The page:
St Wenn

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Coordinates: 50°26′53″N 4°51′50″W / 50.448°N 04.864°W / 50.448; -04.864

St Wenn Primary School
Rosenannon Downs

St Wenn (Cornish: Sen Gwenna) is a civil parish and village in Cornwall, England, United Kingdom. The village is situated six miles (10 km) west of Bodmin and nine miles (14.5 km) east of Newquay.[1] The parish population at the 2011 census was 299.[2]

Other settlements in the parish include Rosenannon, Demelza, Tregonetha (Cornish: Tregenhetho), and Tregurtha Barton, once the home of Michael Tregury, Archbishop of Dublin (Roman Catholic) who died in 1471. The last heir-male of the elder branch of this family died in the reign of Henry V. The Borlase family, ancestors of William Borlase, were residents of this parish.

Later William Hals, who wrote the Parochial History of Cornwall, resided here in the latter part of his life:[3] Hals, who owned the rectorial tithes of St Wenn, died here.

Churches and schools[edit]

St Wenn Church

The parish church is dedicated to Saint Wenna. The church was in the 12th century in the possession of the Earl of Gloucester who gave it to Tewkesbury Abbey ca. 1150. It was appropriated to the abbey in 1242 when the first vicar was instituted.[4] The tower was built with three stages but now has only two as the top section was destroyed by lightning in 1663.[4] There is a nave and two aisles of three bays. The font is 15th century work in the Norman style.[4] and very similar to those of St Columb Minor and Mawgan-in-Pydar.[5]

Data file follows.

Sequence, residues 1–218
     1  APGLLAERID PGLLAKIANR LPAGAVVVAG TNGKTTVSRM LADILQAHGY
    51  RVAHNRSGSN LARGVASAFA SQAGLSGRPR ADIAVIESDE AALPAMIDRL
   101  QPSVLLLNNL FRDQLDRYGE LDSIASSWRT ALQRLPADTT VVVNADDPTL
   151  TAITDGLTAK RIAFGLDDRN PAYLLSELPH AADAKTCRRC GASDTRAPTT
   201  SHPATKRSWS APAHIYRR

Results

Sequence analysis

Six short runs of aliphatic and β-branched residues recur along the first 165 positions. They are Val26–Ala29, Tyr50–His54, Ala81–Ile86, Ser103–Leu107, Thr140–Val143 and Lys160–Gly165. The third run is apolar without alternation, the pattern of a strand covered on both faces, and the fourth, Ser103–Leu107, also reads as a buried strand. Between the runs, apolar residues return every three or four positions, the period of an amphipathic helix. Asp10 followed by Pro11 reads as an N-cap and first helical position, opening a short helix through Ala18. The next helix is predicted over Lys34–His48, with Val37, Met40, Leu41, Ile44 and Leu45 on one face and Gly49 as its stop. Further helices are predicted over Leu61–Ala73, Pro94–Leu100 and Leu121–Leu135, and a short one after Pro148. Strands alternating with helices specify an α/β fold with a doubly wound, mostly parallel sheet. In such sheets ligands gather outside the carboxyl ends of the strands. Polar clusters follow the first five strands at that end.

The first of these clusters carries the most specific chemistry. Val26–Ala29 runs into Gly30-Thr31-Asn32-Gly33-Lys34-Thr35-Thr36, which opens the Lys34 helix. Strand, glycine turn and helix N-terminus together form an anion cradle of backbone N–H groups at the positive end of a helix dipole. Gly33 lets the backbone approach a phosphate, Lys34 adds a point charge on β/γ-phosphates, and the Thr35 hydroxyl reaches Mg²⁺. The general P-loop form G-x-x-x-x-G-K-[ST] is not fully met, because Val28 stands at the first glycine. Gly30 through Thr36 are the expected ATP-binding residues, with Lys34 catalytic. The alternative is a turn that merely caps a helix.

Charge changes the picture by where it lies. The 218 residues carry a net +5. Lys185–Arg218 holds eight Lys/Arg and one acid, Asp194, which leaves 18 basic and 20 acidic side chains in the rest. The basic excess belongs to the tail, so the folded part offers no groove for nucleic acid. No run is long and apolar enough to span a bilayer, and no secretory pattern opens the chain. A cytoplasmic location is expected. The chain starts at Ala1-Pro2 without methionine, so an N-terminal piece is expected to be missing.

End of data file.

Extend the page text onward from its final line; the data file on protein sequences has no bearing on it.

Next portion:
On the North Downs, called Carenza Wortha, (now called Rosenannon Downs) there used to be a chapel dedicated to St Mary Magdalen: it was destroyed in the English Civil War during the time of Charles I.[6] There is a Methodist Chapel at Rosenannon and there used to be others.

St Wenn School is a primary school in St Wenn village.


  1. ^ Ordnance Survey: Landranger map sheet 200 Newquay & Bodmin ISBN 978-0-319-22938-5
  2. ^ "Parish population 2011.Retrieved 14 Feb 2015". 
  3. ^ British History Online account of the parish
  4. ^ a b c Cornish Church Guide (1925) Truro: Blackford; p. 218
  5. ^ Pevsner, N. (1970) Cornwall; 2nd ed. Penguin; p. 204
  6. ^ Peter, Thurstan (1906) History of Cornwall; p. 387

External links[edit]